One thing that #metoo hasn’t addressed is — what do we do when we realize that we are the guilty party? What do we do when we remember incidents in our past when we weren’t as good to people as they really deserved? Because, well before we get to “illegal” sexual behaviors, there are a whole slew of “harmful” sexual behaviors which many (most?) of us are guilty of.
rapeculture  consent  relationships 
march 2018 by kme
Much of Human Bonding is Excluding Others – Emma Lindsay – Medium
People always joke about how “millennials” are soft and easily traumatized, and of course we are. Our communities are breaking down, and people report feeling lonelier than ever before. We are facing an epidemic of loneliness. Without strong social support, how are we going to have the strength to face the most emotionally painful parts of our lives?

Joining the incel-discussion facebook group was interesting, because it helped me see a lot of the factors surrounding me with my sexual assault. For instance, when I was younger, I believed other nerdy people — including men — were my people. Since we shared the similar experience of being socially ostracized, I assumed we could meet each other with a type of acceptance. What I see now, though, is that many nerdy men view social rejection by women differently than I do. These men assumed my place in society was assured, because of my gender, and that they would have nothing in common with me.

I was reading an article about experts who studied people who raped, and they described a mind set that was very familiar to me:

Dr. Malamuth has noticed that repeat offenders often tell similar stories of rejection in high school and of looking on as “jocks and the football players got all the attractive women.”

As these once-unpopular, often narcissistic men become more successful, he suspects that “getting back at these women, having power over them, seems to have become a source of arousal.”

I’ve already explained that when I was assaulted, the assault wasn’t nearly as damaging as the social isolation that accompanied it. Trying to fix rape culture though isolation culture is not going to work; socially isolated men will take their pain out on socially isolated women, and the further to the margins you push them, the more extreme and vile their acts will be.

What we’re not doing, is giving these people another path. What’s a lonely virgin to do? Where should they go, what advice do we have for them?

And, this is basically just a synecdoche for larger society. We’re creating factions of social rejection, where we deem people rapists, or racists, or whatever and render them completely un-redeemable. And yet, as we do this, we make the very situation we’re trying to fix worse and, at the end, isn’t that part of the point?

If conservative power structures operate through direct force — the military, financial oppression, etc. — liberal power structures tend to operate though social force. They do this by attempting to get you to ally with strangers against people in your community, and they do this by labelling some people in your community irredeemable. And, there is an implicit threat that, if you support these irredeemables, you will also be labelled as irredeemable.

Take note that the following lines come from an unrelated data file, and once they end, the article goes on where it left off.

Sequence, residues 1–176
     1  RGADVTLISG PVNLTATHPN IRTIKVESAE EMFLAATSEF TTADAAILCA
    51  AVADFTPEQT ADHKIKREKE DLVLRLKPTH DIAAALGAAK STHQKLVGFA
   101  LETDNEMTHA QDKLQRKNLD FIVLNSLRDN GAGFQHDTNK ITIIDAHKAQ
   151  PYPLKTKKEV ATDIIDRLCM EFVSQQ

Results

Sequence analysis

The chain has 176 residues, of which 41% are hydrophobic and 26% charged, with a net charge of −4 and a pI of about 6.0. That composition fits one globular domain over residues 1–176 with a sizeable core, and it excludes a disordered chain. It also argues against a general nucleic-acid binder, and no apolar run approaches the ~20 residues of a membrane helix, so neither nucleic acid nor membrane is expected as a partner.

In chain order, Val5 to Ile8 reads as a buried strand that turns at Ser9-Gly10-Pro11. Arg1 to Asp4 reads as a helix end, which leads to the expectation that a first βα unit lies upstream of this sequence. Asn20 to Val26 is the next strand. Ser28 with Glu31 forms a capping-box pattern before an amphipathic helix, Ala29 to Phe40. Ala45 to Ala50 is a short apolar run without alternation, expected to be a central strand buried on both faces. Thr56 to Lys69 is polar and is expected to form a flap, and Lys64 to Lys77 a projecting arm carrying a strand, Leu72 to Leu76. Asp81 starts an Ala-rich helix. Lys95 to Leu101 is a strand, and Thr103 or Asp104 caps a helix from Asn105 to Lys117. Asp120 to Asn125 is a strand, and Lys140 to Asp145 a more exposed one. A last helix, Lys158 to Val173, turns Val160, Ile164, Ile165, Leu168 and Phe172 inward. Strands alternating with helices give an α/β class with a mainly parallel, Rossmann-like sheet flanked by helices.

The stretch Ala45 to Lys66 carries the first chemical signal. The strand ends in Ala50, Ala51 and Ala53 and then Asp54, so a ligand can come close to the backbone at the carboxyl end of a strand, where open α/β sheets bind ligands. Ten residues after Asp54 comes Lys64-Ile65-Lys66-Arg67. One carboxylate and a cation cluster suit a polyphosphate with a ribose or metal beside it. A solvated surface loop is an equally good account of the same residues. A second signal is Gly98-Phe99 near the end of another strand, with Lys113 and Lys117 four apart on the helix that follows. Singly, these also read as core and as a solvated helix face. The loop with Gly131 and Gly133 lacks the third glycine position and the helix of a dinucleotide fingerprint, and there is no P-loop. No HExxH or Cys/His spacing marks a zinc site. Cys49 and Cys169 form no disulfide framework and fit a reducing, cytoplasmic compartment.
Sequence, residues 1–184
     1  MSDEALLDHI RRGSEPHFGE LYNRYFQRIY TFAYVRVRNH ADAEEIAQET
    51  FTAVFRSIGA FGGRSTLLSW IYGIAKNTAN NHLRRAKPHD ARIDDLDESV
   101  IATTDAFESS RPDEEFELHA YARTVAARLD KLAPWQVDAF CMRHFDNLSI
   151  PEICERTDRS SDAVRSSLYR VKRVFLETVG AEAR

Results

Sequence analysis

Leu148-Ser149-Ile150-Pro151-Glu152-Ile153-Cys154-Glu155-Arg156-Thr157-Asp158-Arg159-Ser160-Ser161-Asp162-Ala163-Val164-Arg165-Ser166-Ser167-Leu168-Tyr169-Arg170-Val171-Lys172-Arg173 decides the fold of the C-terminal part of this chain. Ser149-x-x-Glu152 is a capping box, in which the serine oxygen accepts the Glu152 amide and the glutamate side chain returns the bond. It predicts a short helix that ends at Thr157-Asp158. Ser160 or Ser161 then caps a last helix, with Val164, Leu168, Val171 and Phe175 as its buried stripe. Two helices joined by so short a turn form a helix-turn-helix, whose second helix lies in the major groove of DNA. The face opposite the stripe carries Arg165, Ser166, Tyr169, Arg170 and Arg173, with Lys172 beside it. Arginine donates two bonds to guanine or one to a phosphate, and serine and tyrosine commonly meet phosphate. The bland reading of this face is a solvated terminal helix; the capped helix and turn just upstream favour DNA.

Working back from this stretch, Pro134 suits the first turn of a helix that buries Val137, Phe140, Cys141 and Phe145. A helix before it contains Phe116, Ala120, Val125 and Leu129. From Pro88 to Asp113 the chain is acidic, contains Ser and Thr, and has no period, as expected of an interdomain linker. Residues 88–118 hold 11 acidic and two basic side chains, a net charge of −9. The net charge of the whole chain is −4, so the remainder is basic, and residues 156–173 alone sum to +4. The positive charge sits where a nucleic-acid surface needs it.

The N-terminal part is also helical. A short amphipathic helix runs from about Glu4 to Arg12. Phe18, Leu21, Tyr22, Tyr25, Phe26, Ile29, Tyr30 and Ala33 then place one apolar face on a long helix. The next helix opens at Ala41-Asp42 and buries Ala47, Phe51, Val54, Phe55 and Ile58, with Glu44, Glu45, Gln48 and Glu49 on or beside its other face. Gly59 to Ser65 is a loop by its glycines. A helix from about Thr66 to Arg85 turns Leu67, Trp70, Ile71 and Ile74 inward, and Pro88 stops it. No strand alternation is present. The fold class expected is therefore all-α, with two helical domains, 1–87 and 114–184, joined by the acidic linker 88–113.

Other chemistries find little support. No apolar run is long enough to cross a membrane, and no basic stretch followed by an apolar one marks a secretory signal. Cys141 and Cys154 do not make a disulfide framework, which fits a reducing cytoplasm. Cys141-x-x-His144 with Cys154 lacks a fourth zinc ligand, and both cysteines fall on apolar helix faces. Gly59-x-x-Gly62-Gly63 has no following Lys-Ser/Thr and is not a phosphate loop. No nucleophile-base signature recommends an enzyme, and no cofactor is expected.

With the internet, we are creating a social-media thought police over mind, and despite whatever it professes, rest assured it does not have your best interests at heart.
relationships  assholes  betas  rapeculture  loneliness  deplorables 
march 2018 by kme
Until we treat rapists as ordinary criminals we won’t stop them | Aeon Essays
What such studies discovered about the character of these men was less startling. Were rapists less empathetic than other men? Unsurprisingly, yes. Were rapists more self-centred and manipulative? To no one’s amazement, yes. Did rapists have negative attitudes towards women? Unastonishingly, also yes. On all these parameters, the difference between rapists and non-rapists was small but significant. The conclusion seemed to be that rapists weren’t monsters, totally distinct from normal men, but did tend to be (to use layman’s terms) misogynist arseholes. Again, this was not earth-shattering news.

It’s also not good news. If relatively common levels of callousness, selfishness and sexism can turn a man into a rapist, the problem seems insoluble. We might conceivably end sexism, but people have been trying to root out callousness and selfishness for thousands of years with no noticeable success.

If there really is such a thing as rape culture, it follows that we should see large variations in rates of sexual violence from country to country, depending on the degree to which it is condoned or punished. To cut to the chase, we do. We might remember that 6 to 14.9 per cent of male college students in the US confessed to rape. This statistic seems terrible until you learn that, according to a study published in The Lancet, the percentage of men who self-identify as rapists in China is just under 23 per cent, and in Papua New Guinea, it’s a brutally depressing 60.7 per cent.